Glycoside Plants of Missouri

Glycoside Plants of Missouri

Glycoside is a chemical found in some plants that makes them poisonous. Glycoside works to stop vital organs, such as the heart or thyroid. Listed are 17 plants in Missouri which contain glycoside and have adverse effects on humans. More information on the poisonous and non-poisonous parts of the plant can be found here. This information gives a broad, not comprehensive, idea of which poisonous glycoside plants exist in Missouri.

A note about scientific names: the non-italicized L. after the Latin species name stands for Linnaeus, who was the person who named the plant, as with Moench and Willd. When there is a non-italicized abbreviation in parentheses, such as (L.) or (Ait.), it is referring to the person who first named the plant, but had named it something else. The updated name of the plant, the species name used now, is attributed to the name not in parentheses, such as Pers. or Lam.

 

Actaea rubra (Ait.) Willd. // Red baneberry

  • Herbaceous perennial of 50-70cm in height emerging from thick roots
  • Toxins in all parts of plant
  • Causes stomach cramps, headaches, dizziness, vomiting, diarrhea, and circulatory (heart) failure

 

 

Aesculus glabra Willd. // Buckeye

  • Small tree of 3-8m in height with opposite, palmately compound leaves that are dark green and glossy
  • Toxins found in young sprouts, leaves, flowers, and seeds
  • Causes weakness, muscle twitching, lack of coordination, depression, diarrhea, vomiting, dilated pupils, paralysis, stupor, and inflammation of mucous membranes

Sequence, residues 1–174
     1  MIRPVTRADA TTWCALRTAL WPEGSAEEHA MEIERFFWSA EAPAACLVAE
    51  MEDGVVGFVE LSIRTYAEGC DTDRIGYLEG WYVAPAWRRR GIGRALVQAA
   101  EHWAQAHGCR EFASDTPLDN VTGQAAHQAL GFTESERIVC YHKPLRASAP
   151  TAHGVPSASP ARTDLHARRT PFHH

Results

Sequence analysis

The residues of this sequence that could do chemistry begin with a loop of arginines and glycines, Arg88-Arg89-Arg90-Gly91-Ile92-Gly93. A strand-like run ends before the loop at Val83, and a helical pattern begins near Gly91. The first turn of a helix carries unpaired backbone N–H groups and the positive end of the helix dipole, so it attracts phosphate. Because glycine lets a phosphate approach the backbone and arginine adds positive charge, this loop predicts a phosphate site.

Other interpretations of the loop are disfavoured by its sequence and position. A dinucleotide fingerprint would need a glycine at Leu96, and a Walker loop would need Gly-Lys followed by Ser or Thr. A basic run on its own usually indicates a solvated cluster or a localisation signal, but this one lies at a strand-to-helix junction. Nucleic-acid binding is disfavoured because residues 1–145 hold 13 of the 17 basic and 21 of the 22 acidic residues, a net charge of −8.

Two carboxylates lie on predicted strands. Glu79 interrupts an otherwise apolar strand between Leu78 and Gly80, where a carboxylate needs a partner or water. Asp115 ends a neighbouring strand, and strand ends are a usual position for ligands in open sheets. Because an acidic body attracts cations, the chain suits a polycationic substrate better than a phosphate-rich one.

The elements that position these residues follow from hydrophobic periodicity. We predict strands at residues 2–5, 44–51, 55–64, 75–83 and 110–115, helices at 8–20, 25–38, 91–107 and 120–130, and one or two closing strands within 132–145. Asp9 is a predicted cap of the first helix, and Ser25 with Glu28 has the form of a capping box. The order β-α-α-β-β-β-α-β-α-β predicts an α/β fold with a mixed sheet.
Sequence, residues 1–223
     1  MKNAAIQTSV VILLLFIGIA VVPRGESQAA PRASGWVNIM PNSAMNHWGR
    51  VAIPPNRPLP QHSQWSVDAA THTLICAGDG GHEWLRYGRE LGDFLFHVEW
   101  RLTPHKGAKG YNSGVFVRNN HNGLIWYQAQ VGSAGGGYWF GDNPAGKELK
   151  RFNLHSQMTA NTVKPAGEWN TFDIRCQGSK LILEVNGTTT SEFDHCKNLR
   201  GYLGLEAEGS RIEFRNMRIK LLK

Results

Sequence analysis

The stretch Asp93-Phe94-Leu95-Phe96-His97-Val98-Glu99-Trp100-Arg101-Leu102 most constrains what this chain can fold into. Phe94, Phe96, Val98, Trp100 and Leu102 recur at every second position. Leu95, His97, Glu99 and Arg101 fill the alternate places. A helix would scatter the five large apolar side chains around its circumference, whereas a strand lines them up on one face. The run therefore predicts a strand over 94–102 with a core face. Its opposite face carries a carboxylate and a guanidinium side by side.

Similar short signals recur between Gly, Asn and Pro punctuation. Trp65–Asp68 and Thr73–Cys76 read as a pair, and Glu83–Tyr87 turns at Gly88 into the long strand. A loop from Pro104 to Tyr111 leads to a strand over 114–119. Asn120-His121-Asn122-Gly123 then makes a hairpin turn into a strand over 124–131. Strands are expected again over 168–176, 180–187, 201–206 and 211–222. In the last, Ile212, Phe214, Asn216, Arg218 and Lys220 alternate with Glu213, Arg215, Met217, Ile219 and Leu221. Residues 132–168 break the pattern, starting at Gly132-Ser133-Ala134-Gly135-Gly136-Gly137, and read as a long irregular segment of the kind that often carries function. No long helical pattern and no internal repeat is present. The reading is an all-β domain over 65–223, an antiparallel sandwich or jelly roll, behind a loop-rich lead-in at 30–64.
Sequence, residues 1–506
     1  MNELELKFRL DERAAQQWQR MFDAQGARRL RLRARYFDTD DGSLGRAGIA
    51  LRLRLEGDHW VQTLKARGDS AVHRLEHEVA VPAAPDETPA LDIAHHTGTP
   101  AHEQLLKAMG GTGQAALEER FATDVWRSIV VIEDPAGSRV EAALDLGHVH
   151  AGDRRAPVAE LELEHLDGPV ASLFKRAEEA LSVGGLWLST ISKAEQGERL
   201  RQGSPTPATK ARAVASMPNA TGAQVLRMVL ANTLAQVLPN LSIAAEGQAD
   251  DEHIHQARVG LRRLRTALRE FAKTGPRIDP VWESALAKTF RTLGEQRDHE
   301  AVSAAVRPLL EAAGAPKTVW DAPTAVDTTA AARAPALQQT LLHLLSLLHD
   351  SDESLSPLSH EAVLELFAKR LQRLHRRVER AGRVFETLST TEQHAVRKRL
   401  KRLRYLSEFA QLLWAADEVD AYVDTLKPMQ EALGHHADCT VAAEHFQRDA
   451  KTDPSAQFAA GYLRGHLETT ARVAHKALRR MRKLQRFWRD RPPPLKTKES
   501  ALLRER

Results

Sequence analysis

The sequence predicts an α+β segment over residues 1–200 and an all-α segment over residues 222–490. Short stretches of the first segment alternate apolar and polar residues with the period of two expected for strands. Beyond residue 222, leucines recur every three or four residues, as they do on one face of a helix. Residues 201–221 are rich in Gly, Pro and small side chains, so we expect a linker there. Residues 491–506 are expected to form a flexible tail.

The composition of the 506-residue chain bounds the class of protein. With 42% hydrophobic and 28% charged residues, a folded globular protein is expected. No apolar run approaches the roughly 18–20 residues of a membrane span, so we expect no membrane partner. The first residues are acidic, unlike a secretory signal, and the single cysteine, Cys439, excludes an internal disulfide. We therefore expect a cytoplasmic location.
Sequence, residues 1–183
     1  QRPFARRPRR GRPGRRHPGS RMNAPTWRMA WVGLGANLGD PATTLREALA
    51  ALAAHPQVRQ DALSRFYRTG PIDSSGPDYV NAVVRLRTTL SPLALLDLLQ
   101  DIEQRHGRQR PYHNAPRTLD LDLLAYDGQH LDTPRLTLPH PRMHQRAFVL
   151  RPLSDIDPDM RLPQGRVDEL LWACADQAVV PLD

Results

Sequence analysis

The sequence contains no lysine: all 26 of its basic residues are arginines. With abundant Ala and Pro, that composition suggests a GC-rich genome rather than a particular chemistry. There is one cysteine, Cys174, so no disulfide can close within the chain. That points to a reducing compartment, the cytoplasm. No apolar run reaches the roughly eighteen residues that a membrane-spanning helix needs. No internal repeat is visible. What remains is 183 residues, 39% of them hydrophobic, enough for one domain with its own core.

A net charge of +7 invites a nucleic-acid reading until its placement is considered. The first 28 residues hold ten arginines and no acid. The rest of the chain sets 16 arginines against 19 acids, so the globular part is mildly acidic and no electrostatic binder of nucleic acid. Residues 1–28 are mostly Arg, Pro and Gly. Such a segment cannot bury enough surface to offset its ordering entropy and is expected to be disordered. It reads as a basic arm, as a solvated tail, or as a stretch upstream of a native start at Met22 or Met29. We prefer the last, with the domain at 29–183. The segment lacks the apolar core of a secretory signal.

Agrostemma githago L. // Corn cockle

  • Herbaceous annual weed 40-75cm in height with hairy stem and opposite leaves
  • Toxins found in seeds
  • Causes abdominal pain, vomiting, dizziness, diarrhea, rapid breathing, and coma

 

 

 

Brassica hirta Moench // White mustard

  • Herbaceous annual that is bristly and hairy throughout and grows 20-60cm high
  • Toxins found in all parts of plant
  • Causes stomach flu, mouth irritation, salivation, diarrhea, difficult breathing, and, sometimes, paralysis of the heart and lungs

 

 

Convallaria majalis L. // Lily of the valley

  • Herbaceous (having little to no woody tissue, stems are green and soft) perennial (occurring every year) that is 15-25cm tall and has thick roots and a deep root system
  • Toxins found in all parts of plant
  • Causes irregular heartbeat and stomach trouble

 

 

Digitalis purpurea L. // Foxglove

  • Herbaceous perennial or biennial (occurring every two years) that is 1.0-1.5 meters tall with alternate, densely hairy leaves
  • Toxins found in all parts of plant
  • Causes stomach disorders, diarrhea, headaches, irregular heartbeat, drowsiness, tremors, and convulsions (sudden movement)

 

Linum usitatissimum L. // Flax

  • Herbaceous annual (occurs for one year) that reaches 60-100cm tall with alternate leaves
  • Toxins found in leaves
  • Causes rapid and difficult breathing, gasping, staggering, paralysis, coma, and death

 

 

Melilotus officinalis (L.) Lam. // Sweetclover